History 269 The Civil War and Reconstruction
Prisoners of War
Terrible conditions existed in Union prison camps such as Elmira, New York, Johnson’s Island, Lake Erie, and Camp Douglas, Illinois; but generally prisoners suffered more in Confederate prisons due to the collapse of the Southern economy. The two largest Confederate camps were Belle Island in Virginia and Andersonville in Georgia.
Approximately 30,000 Union prisoners passed through a six-acre open air prison located on Belle Island in Richmond, Virginia. Surrounded by the rapids of the James River, few prisoners dared attempt an escape. Artillery placements were in place to prevent prisoner uprisings, but few had the strength. Without adequate shelter, food or sanitation, they lived in squalor and misery. At least 1,000 died. At its peak in 1864 Belle Island held 10,000 prisoners with dozens dying each day. (Today the island is a scenic historical park frequented by dog-walkers, bikers and joggers. During the Civil War it was a place of unimaginable human suffering.)
The most infamous Civil War prison was Andersonville in Sumter County, Georgia. The construction of the prison, officially named Camp Sumter, began in December of 1863. A rail of pine logs running 25 feet inside and parallel to the walls, called the deadline, was created to discourage escapes. The standing order was that prisoners crossing the deadline were to be shot by guards. There were also earthen batteries outside the walls with artillery trained on the prison to quell uprisings as well as quash any escape attempts.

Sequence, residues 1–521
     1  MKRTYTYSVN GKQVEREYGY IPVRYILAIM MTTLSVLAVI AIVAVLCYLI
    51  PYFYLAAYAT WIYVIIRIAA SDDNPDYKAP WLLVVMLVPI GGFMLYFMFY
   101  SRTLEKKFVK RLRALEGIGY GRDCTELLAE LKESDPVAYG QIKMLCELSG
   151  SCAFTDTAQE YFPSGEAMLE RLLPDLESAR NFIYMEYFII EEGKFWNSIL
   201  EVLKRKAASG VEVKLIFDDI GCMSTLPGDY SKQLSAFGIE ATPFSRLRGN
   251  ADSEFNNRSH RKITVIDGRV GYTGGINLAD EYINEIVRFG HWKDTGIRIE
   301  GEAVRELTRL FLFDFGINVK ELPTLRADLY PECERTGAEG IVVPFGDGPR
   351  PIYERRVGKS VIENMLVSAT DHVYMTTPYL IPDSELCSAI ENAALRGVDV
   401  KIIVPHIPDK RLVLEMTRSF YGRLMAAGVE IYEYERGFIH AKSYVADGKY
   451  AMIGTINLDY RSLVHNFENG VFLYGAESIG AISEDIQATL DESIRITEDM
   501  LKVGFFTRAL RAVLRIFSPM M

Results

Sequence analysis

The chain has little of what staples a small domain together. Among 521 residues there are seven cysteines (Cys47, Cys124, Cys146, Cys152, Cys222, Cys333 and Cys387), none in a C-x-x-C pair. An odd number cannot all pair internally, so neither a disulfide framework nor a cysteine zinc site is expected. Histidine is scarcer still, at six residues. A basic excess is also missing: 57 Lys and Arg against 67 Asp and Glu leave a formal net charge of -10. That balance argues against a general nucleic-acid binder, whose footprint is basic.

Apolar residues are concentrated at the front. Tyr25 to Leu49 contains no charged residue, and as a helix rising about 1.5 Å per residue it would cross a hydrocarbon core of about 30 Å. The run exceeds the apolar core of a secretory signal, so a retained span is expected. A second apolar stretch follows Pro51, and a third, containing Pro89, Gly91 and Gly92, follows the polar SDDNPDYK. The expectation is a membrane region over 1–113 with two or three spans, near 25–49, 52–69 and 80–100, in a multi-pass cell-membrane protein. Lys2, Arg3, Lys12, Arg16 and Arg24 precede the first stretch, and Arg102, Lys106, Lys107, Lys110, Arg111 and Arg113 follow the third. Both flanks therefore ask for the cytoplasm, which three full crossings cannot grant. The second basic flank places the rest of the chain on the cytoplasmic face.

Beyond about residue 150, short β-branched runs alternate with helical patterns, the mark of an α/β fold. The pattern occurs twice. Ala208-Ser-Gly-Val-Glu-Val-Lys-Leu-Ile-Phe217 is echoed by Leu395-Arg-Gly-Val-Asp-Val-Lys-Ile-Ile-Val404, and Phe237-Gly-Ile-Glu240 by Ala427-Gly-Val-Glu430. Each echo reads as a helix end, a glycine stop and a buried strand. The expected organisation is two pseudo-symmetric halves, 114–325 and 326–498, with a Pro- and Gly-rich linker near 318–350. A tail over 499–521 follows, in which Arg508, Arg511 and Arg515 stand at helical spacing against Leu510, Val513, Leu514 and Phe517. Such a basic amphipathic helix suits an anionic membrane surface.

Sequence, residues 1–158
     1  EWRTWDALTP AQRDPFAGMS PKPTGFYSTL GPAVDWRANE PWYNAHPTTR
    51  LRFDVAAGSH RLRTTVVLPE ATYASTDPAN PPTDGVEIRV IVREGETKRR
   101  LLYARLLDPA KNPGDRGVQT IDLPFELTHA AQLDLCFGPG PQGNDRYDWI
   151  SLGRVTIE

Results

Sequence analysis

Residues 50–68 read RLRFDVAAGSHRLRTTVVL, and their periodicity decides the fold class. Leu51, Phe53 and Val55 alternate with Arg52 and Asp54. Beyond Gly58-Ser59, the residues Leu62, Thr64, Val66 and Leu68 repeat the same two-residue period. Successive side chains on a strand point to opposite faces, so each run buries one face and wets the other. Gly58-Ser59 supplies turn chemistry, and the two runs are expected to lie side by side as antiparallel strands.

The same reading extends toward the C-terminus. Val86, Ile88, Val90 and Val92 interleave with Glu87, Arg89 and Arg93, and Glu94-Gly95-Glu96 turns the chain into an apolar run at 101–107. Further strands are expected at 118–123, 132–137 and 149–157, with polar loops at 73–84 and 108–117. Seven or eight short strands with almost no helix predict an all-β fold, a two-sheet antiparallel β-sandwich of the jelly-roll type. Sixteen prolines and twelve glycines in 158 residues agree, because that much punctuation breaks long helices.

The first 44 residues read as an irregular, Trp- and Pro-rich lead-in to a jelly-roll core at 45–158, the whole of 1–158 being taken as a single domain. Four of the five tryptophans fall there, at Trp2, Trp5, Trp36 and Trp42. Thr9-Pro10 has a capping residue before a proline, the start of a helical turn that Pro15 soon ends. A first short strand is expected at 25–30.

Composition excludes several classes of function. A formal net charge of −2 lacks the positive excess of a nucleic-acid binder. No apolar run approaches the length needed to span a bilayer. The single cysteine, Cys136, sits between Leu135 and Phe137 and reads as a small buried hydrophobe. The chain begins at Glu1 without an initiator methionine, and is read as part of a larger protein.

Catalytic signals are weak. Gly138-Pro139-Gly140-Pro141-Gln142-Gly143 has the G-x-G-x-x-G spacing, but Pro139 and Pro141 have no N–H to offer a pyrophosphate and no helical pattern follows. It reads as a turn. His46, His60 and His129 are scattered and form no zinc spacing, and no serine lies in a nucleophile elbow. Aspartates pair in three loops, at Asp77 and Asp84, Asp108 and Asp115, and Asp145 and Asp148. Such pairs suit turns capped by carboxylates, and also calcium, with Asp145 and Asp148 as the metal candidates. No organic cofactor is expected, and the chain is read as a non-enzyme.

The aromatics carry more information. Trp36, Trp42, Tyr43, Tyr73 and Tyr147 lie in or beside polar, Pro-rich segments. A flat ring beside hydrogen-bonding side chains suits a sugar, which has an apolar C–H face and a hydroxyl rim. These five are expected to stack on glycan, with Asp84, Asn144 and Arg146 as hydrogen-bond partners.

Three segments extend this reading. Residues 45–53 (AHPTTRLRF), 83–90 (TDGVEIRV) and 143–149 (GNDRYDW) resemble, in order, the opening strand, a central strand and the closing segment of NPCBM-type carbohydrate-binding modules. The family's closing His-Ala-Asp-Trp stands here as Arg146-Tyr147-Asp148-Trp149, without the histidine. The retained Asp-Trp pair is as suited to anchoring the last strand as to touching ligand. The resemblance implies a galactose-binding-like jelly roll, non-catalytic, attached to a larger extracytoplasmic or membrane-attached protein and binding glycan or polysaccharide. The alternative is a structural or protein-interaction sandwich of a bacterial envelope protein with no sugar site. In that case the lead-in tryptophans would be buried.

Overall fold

A total of 410,000 men were held as prisoners during the war: 195,000 Union soldiers and 215,000 Confederates. Over 30,000 Union soldiers died in Confederate camps (15%), and 26,000 Confederates died in Union prisons (12%).
The Exchange Cartel
In the early years of the war it was common for large numbers of soldiers who surrendered to be immediately paroled. Prisoners were released on the promise not to take up arms again until restored to active duty though an exchange. Many paroled prisoners returned home, but some found their way back into action prematurely. (For example, Grant paroled over 30,000 Confederates after the surrender of Vicksburg; many of the same men were captured again in Chattanooga, having been put back into service in violation of their paroles.) A formal exchange cartel was created in July 1862 but the exchange broke down in 1863. The Confederacy refused to regard captured black Union soldiers as POWs. "Slaves captured in arms" were threatened with execution (the absurd presumption being that black Union soldiers were escaped slaves engaged in "criminal insurrection"). This threat—and the fact that the exchanges were mitigating the South's manpower shortage—led Grant to suspend the cartel.
© 2004 David C. Hanson, Virginia Western Community College